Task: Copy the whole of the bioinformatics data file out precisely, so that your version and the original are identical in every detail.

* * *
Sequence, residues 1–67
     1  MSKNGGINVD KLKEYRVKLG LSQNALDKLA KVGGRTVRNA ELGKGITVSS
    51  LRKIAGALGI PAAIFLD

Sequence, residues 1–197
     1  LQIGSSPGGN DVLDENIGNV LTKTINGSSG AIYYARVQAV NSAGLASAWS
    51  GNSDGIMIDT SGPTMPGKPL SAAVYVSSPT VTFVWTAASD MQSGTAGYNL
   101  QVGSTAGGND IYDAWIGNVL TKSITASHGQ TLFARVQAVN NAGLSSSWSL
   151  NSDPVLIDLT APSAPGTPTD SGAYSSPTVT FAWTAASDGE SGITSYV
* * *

Sequence, residues 1–67
     1  MSKNGGINVD KLKEYRVKLG LSQNALDKLA KVGGRTVRNA ELGKGITVSS
    51  LRKIAGALGI PAAIFLD

Sequence, residues 1–197
     1  LQIGSSPGGN DVLDENIGNV LTKTINGSSG AIYYARVQAV NSAGLASAWS
    51  GNSDGIMIDT SGPTMPGKPL SAAVYVSSPT VTFVWTAASD MQSGTAGYNL
   101  QVGSTAGGND IYDAWIGNVL TKSITASHGQ TLFARVQAVN NAGLSSSWSL
   151  NSDPVLIDLT APSAPGTPTD SGAYSSPTVT FAWTAASDGE SGITSYV